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Test bank for Goulds Pathophysiology For The Health Professions 6th Edition

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Test bank for Goulds Pathophysiology For The Health Professions 6th Edition

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Chapter 01: Introduction to Pathophysiology
Test Bank
MULTIPLE CHOICE
1. Which of the following would be the most likely cause of an iatrogenic disease?
a. An inherited disorder
b. A combination of specific etiological factors
c. An unwanted effect of a prescribed drug
d. Prolonged exposure to toxic chemicals in the environment
ANS: C REF: 6
2. The manifestations of a disease are best defined as the:
a. subjective feelings of discomfort during a chronic illness.
b. signs and symptoms of a disease.
c. factors that precipitate an acute episode of a chronic illness.
d. early indicators of the prodromal stage of infection.
ANS: B REF: 6
3. The best definition of the term prognosis is the:
a. precipitating factors causing an acute episode.
b. number of remissions to be expected during the course of a chronic illness.
c. predicted outcome or likelihood of recovery from a specific disease.
d. exacerbations occurring during chronic illness.
ANS: C REF: 7
4. Which of the following is considered a systemic sign of disease?
a. Swelling of the knee
b. Fever
c. Pain in the neck
d. Red rash on the face
ANS: B REF: 6
5. Etiology is defined as the study of the:
a. causes of a disease.
b. course of a disease.
c. expected complications of a disease.
d. manifestations of a disease.
ANS: A REF: 5
6. A type of cellular adaptation in which there is a decrease in cell size is referred to as:
a. hypertrophy.
b. metaplasia.
c. anaplasia.
d. atrophy.
ANS: D REF: 8
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GOULDS PATHOPHYSIOLOGY FOR THE HEALTH PROFESSIONS 6TH EDITION HUBERT TEST BANKNURSINGTB.COM
7. A change in a tissue marked by cells that vary in size and shape and show increased mitotic
figures would be called:
a. metaplasia.
b. atrophy.
c. dysplasia.
d. hypertrophy.
ANS: C REF: 8
8. A deficit of oxygen in the cells usually due to respiratory or circulatory problems is called:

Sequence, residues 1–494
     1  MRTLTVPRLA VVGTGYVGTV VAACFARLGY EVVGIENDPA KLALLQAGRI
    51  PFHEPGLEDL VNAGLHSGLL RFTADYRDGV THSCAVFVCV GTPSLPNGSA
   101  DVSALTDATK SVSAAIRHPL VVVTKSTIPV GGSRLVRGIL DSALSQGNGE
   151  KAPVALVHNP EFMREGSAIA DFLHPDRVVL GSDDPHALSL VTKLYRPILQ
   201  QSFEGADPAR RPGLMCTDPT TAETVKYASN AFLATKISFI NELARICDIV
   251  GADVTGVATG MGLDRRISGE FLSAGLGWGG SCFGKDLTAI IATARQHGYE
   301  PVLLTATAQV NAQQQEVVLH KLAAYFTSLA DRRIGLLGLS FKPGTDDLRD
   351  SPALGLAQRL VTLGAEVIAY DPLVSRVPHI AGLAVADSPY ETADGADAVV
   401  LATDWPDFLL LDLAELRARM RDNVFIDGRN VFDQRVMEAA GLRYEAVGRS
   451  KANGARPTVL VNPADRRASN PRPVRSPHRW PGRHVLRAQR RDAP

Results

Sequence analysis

a. apoptosis.
b. ischemia.
c. hypertrophy.
d. necrosis.
ANS: B REF: 9
9. When a group of cells in the body dies, the change is called:
a. ischemia.
b. gangrene.
c. hypoxia.
d. necrosis.
ANS: D REF: 10
10. Rigorous weight lifting/body building regimens may result in the skeletal muscle cells
undergoing:
a. hypertrophy.
b. dysplasia.
c. atrophy.
d. regeneration.
ANS: A REF: 8
11. The term cancer refers to:
a. dysplasia.
b. hyperplasia.
c. metaplasia.
d. malignant neoplasm.
ANS: D REF: 9
12. To which of the following does the term apoptosis refer?
a. Increased rate of mitosis by certain cells
b. Ischemic damage to cells
c. Liquefaction of necrotic tissue
d. Preprogrammed cell self-destruction
ANS: D REF: 9
13. Which of the following statements is TRUE?
a. Alteration of DNA does not change cell function.
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GOULDS PATHOPHYSIOLOGY FOR THE HEALTH PROFESSIONS 6TH EDITION HUBERT TEST BANKNURSINGTB.COM
b. Damaged cells may be able to repair themselves.
c. All types of cells die at the same rate.
d. Mild ischemia causes immediate cell death.
ANS: B REF: 10
14. Caseation necrosis refers to an area where:
a. cell proteins have been denatured.
b. cell are liquefied by enzymes.
c. dead cells form a thick cheesy substance.
d. bacterial invasion has occurred.
ANS: C REF: 10
15. Routine application of sun block to skin would be an example of:
a. an iatrogenic cause of cancer.
b. a preventive measure.
c. a precipitating factor.
d. a predisposing condition.
ANS: B REF: 6
16. A circumstance that causes a sudden acute episode of a chronic disease to occur is termed:
a. latent stage.
b. predisposing factor.
c. incidence.
d. precipitating factor.
ANS: D REF: 7
17. The term homeostasis refers to:
a. the causative factors in a particular disease.
b. maintenance of a stable internal environment.